The clocks keep ticking. It is now 13 days and change as write this until Danica Patrick begins her quest to save NASCAR. Well…technically she’s making her stock car debut in the Lucas Oil Slick Mist 200 at Daytona, which is an ARCA race, not a NASCAR race. But you get the point, yes? It’s her first step towards saving Stock Car Auto Racing. She did very well in the ARCA testing and her goal for the race is not to win the race, although that would be swell, but to get as much seat time as possible….that is, bring the car home in one piece after 200 laps. No different a goal if it was you or me in that car, making our ARCA debut at Daytona. As long as Milka Duno and The Two Whores don’t qualify for the race or stay out of her damn way, then I think the mission will be accomplished.

Of course, with Danica stealing a lot of the limelight, it should be noted that several other women will be in the ARCA race, or attempting to qualify, and they are very deserving of attantion. One in particular is Alli Owens, a driver to keep an eye on. She, not Danica, had the best speeds in the recent ARCA testing. Alli has been racing in ARCA since 2007 and last season started 11 of 21 races and finished in the top 20 in points (had she raced a full season, she would have finished in the top 10). Jennifer Jo Cobb has been racing ARCA/Nationwide/Camping World series since 2002, albeit on a very limited schedule these days, but she’s always worth watching. And unless you’re just totally, utterly, and  irretrievably GAY for Jeff Gordon, you definately need to all pay attention when Leilani Munter is racing….and on a side note, her brother-in-law is Bob Weir from The Grateful Dead.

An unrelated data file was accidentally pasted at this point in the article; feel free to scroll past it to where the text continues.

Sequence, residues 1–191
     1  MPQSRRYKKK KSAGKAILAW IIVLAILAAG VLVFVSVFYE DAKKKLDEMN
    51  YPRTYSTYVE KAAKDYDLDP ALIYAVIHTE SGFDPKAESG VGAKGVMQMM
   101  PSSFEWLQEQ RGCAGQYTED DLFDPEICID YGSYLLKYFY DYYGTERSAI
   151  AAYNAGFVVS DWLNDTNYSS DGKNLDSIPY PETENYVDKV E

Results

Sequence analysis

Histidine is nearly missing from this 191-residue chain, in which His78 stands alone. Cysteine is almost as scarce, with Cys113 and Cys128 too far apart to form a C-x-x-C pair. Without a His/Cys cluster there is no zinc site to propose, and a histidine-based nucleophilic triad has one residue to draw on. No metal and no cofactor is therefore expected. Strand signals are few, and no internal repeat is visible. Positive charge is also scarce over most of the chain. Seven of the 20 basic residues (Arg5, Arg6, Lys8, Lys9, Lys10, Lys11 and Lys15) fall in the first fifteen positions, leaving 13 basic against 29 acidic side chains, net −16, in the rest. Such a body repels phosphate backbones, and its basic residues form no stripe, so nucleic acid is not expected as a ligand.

“What we call the beginning is often the end
And to make an end is to make a beginning.
The end is where we start from…”
—from “Little Gidding” by T.S. Eliot